Monday, June 5, 2023

Majority of Langley City Survey Respondents Support Incorporating hən̓q̓əmin̓əm̓ into Parks and Street Names

A few weeks ago, I was one of the judges for the Langley School District’s IDEA X Challenge, where high school students had presented solutions to making “a future Langley that could exist in 50 years which is environmentally responsible, earth-conscious, incorporates Indigenous perspectives and honours what is important to today’s residents.”

Langley City itself is on a reconciliation journey which started with a motion that Council passed in the fall of 2021. You can read this motion in a previous post.

I have been meeting with Chiefs and Councillors over the past six months. One common theme I heard is that Langley City can further reconciliation in our community by acknowledging, preserving, and revitalizing Indigenous languages. While in the federal context, the Truth and Reconciliation Commission of Canada: Calls to Action included five calls to action specifically around language.

When I saw that one of the IDEA X Challenge groups designed prototypes of bilingual hən̓q̓əmin̓əm̓ (hunquminum)/English street sign, it got me thinking about what we could do to celebrate hən̓q̓əmin̓əm̓ in Langley City.

Prototype street sign design by high school students in consultation with sesmélət (Fern Gabriel). Select the image to enlarge.

I put together a survey asking people:

  • Do you think Langley City should dual name significant streets in our community, incorporating the hən̓q̓əmin̓əm̓ language?
  • Do you think Langley City should dual name parks in our community?
  • Do you think Langley City should rename some parks in our community?

After filtering the results to Langley City residents, the majority of the remaining 123 survey respondents supported all three actions. The strongest support was for dual naming parks.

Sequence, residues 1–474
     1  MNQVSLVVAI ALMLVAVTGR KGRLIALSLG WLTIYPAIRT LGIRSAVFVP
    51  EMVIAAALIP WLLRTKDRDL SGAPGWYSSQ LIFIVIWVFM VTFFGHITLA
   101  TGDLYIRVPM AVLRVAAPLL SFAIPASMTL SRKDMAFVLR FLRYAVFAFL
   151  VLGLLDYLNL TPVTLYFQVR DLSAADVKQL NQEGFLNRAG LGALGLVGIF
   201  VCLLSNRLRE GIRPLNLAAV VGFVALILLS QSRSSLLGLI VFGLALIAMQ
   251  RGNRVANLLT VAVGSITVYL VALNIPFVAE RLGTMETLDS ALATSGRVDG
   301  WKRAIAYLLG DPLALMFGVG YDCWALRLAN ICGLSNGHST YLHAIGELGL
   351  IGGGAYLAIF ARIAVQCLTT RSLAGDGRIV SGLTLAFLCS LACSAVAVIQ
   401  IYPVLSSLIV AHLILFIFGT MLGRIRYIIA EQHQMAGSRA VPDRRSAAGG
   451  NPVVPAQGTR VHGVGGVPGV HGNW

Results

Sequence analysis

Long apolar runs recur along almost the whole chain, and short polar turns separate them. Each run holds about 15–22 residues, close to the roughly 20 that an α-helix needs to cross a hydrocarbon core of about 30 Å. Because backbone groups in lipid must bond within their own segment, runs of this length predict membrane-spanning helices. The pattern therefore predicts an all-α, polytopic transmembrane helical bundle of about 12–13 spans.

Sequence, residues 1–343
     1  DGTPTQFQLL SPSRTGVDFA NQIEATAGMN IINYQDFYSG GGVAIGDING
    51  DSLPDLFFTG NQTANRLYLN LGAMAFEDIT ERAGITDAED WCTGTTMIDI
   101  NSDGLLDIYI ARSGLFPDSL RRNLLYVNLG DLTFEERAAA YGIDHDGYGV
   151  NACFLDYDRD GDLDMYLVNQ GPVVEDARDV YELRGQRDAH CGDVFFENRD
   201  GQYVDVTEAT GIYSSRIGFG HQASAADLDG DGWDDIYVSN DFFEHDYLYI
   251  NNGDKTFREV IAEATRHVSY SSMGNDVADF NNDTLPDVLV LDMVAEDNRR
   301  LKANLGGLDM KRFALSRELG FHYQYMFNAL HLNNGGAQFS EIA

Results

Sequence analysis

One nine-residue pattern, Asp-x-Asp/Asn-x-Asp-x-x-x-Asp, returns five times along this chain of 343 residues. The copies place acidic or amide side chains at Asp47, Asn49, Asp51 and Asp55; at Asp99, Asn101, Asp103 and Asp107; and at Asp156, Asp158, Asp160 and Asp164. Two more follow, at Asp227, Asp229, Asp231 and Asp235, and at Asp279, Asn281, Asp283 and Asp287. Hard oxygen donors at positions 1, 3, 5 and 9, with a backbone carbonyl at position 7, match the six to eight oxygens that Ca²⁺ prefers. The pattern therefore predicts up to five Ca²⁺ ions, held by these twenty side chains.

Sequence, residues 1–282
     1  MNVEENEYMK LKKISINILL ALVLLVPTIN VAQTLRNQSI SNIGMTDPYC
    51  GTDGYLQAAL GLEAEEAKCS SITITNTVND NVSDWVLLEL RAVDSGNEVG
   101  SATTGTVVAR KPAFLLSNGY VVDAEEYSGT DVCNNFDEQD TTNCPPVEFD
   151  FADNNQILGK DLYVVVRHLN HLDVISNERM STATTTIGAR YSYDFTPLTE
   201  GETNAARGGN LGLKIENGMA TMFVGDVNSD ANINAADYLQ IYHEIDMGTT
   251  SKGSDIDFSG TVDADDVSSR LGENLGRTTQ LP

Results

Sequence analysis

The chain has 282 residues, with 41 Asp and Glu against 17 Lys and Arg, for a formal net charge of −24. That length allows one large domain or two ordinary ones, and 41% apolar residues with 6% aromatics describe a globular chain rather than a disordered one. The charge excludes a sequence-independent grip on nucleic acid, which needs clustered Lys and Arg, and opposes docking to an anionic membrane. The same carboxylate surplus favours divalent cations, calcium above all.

What I found interesting is that support was not even around Langley City. The majority of survey respondents north of Grade Crescent were supportive of incorporating hən̓q̓əmin̓əm̓ into parks names and street signs; respondents south of Grade Crescent were not. North of Grade Crescent respondents accounted for 78% of people that completed the survey, which correlates nicely with the population of Langley City, of which around 80% live north of Grade Crescent.

For example, 63% of survey respondents in the Blacklock Neighbourhood supported dual naming streets and parks. 58% supported renaming parks.

Now, I am happy that the majority of people who completed the survey are supportive. However, regardless of survey results, Langley City still must move forward on reconciliation and acknowledging, preserving, and revitalizing hən̓q̓əmin̓əm̓.

One of the pieces of feedback I heard was to include a pronunciation guide for places with hən̓q̓əmin̓əm̓ names. I think that would help revitalize hən̓q̓əmin̓əm̓ in Langley City.

I look forward to continuing the journey of reconciliation in Langley City.

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